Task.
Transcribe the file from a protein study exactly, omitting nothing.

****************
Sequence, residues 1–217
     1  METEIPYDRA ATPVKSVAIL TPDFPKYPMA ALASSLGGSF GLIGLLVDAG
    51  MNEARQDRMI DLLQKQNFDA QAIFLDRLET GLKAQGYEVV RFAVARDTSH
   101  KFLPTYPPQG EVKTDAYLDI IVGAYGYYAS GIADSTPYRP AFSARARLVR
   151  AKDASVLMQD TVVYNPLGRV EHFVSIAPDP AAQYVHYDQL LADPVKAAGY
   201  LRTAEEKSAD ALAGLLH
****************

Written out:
Sequence, residues 1–217
     1  METEIPYDRA ATPVKSVAIL TPDFPKYPMA ALASSLGGSF GLIGLLVDAG
    51  MNEARQDRMI DLLQKQNFDA QAIFLDRLET GLKAQGYEVV RFAVARDTSH
   101  KFLPTYPPQG EVKTDAYLDI IVGAYGYYAS GIADSTPYRP AFSARARLVR
   151  AKDASVLMQD TVVYNPLGRV EHFVSIAPDP AAQYVHYDQL LADPVKAAGY
   201  LRTAEEKSAD ALAGLLH